Signature 2

Birthday Hike up Mt. Cabot

As part of our MLK weekend away in Jackson NH, we hiked up Mt Cabot on my birthday! Mt. Cabot is the 4000 footer that is farthest north, so having the opportunity to start the drive a couple hours closer was a huge reason to do that one. The hike itself is a gradual easier hike; the hardest thing about hiking Cabot is getting there.

We wore snowshoes for the entire hike, all 9 miles of it. The trail was so nice and tracked out, it would have been a shame to ruin it with post holes. The trail begins at the trout hatchery in Berlin on York Pond Road, which was nicely maintained for this time of year. You start out on the York Pond Trail, and then turn onto the Bunnell Notch Trail, and then finally the Kilkenny Ridge Trail to the summit. In the interest of time, we did an in and out hike, you can do a loop from the summit down over the bulge and horn from the Kilkenny Ridge Trail to the Unknown Pond Trail, but its a longer hike.

img_8760
Mountain Views
img_8758
Another gorgeous view!

Some features as you get up near the summit include an outlook with a beautiful view, a cabin, a false summit where a fire tower used to be, and then finally the wooded summit which is past a Mt. Cabot sign which again looks like the summit. The fire warden cabin is available for public use. It’s free, first come first serve, and it sleeps 8. There used to be a wood stove in it that has been removed, and there is a picnic table inside. They keep a drum outside that collects rainwater in the summer. It’s a very primitive cabin that I believe is still maintained by the Jefferson boy scouts. Not a bad place to have a snack away from the wind, but I would only stay in there overnight if it was an emergency! The first firetower was built up there in 1911, it was rebuilt in 1924, and then taken down in 1965. It was a cold hike, the wind chill was down between -9 and -18. The sun was out though, and I had my warmest gear, so we made a great day out of it. On the way up to Jackson we actually stopped at IME in North Conway and I purchased some Black Diamond mercury mitts for myself and honestly, it made my hike so much more pleasant. They were $109.95 and worth every cent.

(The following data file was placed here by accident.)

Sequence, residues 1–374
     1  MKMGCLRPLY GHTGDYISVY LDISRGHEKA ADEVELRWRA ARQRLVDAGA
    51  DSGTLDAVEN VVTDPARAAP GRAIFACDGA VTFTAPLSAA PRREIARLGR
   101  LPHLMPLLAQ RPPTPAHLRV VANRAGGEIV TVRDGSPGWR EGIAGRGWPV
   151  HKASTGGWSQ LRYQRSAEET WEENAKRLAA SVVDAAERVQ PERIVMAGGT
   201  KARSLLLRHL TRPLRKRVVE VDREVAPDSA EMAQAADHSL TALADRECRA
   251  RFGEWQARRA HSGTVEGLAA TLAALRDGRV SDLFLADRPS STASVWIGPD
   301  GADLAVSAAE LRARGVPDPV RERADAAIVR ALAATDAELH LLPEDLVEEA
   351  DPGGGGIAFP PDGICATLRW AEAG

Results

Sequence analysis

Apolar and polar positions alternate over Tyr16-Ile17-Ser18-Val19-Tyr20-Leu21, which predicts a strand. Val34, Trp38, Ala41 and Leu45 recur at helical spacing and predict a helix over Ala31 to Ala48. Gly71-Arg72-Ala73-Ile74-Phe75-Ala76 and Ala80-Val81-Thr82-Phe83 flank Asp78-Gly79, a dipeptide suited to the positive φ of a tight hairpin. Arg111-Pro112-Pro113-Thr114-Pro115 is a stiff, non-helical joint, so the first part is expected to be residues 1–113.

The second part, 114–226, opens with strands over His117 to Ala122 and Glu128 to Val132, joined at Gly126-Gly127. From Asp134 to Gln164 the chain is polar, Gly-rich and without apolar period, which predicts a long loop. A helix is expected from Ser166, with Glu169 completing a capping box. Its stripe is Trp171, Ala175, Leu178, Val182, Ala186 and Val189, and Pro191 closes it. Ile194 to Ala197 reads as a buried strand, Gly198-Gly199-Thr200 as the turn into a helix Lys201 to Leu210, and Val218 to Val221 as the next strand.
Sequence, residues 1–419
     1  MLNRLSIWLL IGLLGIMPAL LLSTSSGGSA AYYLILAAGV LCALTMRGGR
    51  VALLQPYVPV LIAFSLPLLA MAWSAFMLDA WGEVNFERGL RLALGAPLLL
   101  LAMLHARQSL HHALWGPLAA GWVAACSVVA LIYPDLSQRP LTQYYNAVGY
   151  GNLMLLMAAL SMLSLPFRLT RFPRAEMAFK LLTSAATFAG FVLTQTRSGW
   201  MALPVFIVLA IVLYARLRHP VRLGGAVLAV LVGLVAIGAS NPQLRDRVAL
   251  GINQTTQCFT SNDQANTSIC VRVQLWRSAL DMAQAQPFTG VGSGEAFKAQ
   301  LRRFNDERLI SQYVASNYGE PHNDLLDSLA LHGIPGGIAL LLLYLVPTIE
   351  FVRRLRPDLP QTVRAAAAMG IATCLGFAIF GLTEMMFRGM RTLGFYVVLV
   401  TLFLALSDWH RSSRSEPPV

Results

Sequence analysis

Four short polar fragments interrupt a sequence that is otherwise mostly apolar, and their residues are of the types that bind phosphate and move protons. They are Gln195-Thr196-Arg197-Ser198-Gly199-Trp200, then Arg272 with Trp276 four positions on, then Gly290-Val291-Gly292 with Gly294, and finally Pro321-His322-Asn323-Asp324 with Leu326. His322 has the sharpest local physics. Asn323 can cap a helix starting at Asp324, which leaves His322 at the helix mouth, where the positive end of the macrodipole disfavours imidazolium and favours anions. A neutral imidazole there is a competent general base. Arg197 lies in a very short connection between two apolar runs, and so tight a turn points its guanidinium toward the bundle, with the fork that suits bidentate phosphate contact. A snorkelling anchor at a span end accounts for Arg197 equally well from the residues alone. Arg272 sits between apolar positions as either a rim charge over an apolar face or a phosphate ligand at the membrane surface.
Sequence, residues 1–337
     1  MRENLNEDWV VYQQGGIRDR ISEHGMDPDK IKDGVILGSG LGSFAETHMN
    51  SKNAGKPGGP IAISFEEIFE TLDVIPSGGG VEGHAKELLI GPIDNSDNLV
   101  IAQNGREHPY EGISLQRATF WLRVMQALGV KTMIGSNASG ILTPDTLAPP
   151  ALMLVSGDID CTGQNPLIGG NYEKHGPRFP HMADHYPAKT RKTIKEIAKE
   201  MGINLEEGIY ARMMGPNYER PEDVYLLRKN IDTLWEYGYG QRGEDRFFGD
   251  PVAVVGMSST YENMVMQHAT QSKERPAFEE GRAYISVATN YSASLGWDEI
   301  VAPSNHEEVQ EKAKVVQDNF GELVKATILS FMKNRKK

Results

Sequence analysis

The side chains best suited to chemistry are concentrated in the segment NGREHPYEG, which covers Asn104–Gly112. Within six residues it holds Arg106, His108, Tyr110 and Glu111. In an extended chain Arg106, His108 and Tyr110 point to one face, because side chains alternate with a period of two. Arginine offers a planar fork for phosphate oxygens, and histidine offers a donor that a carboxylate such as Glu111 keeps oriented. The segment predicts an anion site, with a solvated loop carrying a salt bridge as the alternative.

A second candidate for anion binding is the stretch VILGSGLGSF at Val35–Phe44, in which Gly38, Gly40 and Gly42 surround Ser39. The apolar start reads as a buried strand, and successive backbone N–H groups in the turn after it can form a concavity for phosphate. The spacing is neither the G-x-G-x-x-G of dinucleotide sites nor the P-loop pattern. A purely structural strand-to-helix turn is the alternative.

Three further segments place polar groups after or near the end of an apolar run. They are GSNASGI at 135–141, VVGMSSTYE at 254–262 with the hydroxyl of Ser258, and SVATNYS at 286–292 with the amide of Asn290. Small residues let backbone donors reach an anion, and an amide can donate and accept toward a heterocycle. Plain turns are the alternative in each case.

img_8756
The Cabot Cabin
img_8764
Had to take a pic of this fat little gray jay that followed us from the cabin to the summit!

Mt. Cabot was my 14th winter peak, and it really is one of my favorite mountains. It was a great way to spend my birthday. On the way back to the Eagle Mountain House we grabbed sandwiches at my favorite deli, J-Town. Then that night we did dinner at The Red Fox and drinks at Wildcat Tavern. All my favorites 🙂

Other posts from our MLK weekend trip up to Jackson:

Winter Weekend at The Eagle Mountain House, Jackson NH

Mountain Town Charm- Jackson, NH

Signature 2